More than any other band of their generation, the Arcade Fire prove that "indie rock" and "stadium rock" are not mutually exclusive categories.
The Arcade Fire do earnest in a big way and big in an earnest way, so it should come as no surprise that their lavish indie-rock anthems turn out to be a good fit for stadium-sized venues. Fresh off of their triumphant two night stand at Madison Square Garden, the band had little trouble tackling the 20,000 capacity Merriweather Post Pavilion (insert Animal Collective joke here) just outside of Washington D.C. on Friday night. Technical nitpicks aside (the vocals, especially Régine Chassagne's, were often flat and a drum machine malfunction stopped a song dead in its tracks for the second night in a row), the band's rousing, instrument-swapping set had everyone from the middle aged parents up front to the underage drinkers on the lawn yelling, dancing and singing along. Though the band did its best to stay on message--both by maintaining a dead serious demeanor throughout the course of the show and projecting stock footage of suburban sprawl behind them--by the end of the night, it was clear that any agenda that the Arcade Fire had brought to the stage had been swallowed up by the sheer spectacle of seven musicians firing on all cylinders.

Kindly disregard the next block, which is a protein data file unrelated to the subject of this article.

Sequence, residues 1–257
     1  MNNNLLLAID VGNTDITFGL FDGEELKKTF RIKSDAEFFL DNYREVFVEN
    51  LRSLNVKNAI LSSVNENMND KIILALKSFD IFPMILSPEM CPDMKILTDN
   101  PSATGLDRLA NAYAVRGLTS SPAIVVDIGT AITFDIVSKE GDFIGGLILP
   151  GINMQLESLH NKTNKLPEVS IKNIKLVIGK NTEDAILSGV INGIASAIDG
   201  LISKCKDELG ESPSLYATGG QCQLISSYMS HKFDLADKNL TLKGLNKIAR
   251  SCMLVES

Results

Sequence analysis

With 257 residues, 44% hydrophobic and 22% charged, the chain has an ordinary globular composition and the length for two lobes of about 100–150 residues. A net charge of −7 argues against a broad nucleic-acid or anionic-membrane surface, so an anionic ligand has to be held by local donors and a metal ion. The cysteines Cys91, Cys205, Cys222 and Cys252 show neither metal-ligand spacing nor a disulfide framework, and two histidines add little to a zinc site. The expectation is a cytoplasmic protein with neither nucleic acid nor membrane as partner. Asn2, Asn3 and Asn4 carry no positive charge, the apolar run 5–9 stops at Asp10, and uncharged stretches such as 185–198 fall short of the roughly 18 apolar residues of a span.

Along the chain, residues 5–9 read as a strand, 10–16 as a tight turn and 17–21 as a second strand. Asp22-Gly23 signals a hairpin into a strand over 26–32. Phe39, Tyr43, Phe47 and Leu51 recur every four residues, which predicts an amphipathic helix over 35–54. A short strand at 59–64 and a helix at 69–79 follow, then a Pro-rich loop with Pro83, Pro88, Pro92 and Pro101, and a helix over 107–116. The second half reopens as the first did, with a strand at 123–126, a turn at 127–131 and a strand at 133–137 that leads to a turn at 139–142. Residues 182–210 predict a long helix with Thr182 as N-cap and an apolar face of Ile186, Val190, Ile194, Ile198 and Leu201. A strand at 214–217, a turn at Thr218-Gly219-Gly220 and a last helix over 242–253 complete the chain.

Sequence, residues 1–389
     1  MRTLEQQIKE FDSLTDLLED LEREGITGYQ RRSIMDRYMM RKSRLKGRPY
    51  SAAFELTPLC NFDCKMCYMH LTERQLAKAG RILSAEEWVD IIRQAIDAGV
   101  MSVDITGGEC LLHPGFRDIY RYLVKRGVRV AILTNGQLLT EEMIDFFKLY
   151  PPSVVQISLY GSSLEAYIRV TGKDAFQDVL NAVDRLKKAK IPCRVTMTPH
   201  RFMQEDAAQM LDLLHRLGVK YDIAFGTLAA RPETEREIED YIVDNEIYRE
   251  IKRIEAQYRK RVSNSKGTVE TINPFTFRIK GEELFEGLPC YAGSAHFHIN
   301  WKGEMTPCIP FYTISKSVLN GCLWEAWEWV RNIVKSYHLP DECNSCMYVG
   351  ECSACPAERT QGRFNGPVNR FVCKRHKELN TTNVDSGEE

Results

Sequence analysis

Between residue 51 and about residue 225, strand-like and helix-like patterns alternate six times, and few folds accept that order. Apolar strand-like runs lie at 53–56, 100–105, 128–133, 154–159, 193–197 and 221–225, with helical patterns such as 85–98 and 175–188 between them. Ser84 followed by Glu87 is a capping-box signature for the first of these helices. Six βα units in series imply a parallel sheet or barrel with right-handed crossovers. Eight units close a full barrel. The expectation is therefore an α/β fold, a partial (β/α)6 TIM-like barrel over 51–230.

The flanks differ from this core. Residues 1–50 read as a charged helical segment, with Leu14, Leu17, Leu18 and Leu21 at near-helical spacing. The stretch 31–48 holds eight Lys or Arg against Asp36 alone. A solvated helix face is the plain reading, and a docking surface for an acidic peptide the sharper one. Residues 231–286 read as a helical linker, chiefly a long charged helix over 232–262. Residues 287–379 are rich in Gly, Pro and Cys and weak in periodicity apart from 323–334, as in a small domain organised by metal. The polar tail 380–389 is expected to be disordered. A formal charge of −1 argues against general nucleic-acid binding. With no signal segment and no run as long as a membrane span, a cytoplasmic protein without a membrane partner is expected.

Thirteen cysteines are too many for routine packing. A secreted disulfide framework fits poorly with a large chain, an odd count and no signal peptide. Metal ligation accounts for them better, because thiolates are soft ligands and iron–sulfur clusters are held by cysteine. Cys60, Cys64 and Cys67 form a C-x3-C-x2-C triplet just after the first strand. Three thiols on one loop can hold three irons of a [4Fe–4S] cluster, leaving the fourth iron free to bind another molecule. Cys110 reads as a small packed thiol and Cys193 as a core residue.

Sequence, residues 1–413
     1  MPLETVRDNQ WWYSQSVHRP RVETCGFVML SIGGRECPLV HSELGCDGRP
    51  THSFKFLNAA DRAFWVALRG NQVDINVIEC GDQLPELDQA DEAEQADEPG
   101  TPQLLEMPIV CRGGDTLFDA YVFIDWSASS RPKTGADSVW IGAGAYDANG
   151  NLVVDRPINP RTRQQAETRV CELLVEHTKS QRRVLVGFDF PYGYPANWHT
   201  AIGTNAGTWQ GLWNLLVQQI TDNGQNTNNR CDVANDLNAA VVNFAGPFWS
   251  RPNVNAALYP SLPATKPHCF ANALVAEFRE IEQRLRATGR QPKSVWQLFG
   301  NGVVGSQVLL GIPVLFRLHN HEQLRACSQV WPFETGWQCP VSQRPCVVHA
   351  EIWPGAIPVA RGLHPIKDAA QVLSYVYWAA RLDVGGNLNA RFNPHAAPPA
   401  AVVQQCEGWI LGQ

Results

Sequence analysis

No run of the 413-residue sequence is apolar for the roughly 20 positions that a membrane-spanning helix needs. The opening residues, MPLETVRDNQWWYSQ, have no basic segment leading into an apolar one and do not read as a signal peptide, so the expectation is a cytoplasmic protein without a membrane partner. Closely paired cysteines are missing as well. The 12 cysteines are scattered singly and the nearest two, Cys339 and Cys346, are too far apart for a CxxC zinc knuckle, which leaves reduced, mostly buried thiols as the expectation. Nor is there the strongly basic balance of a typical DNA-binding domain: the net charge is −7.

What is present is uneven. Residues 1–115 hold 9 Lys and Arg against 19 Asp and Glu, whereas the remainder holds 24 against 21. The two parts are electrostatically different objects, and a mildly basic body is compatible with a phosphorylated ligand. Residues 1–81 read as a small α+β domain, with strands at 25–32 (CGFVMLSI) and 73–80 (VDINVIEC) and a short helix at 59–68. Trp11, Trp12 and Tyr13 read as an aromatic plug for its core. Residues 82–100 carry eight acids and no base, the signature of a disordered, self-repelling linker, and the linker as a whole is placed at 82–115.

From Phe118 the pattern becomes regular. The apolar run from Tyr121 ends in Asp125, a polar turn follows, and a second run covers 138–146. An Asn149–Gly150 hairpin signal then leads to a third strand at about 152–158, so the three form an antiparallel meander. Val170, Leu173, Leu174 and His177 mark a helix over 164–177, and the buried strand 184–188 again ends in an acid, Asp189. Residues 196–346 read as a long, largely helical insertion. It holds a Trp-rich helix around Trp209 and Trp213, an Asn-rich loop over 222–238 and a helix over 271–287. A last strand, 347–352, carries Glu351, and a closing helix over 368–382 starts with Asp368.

Opening act Spoon, unfortunately, failed to elicit a similarly ecstatic response from the crowd, their taut, minimalist brand of rock 'n' roll translating not nearly as well in an open air amphitheater setting. They might just be the best live rock band in America but theirs is a sound best enjoyed in an enclosed space, where every last nuance can be savored. Despite this fact, the band gave it their all, employing a horn section to spectacular effect and pulling out an unlikely cover of Wolf Parade's "Modern World". And while their set might not have resonated as strongly as the Arcade Fire's, the members of Spoon looked to be having a lot more fun on stage than Win Butler and his cohorts would ever dare.
The Arcade Fire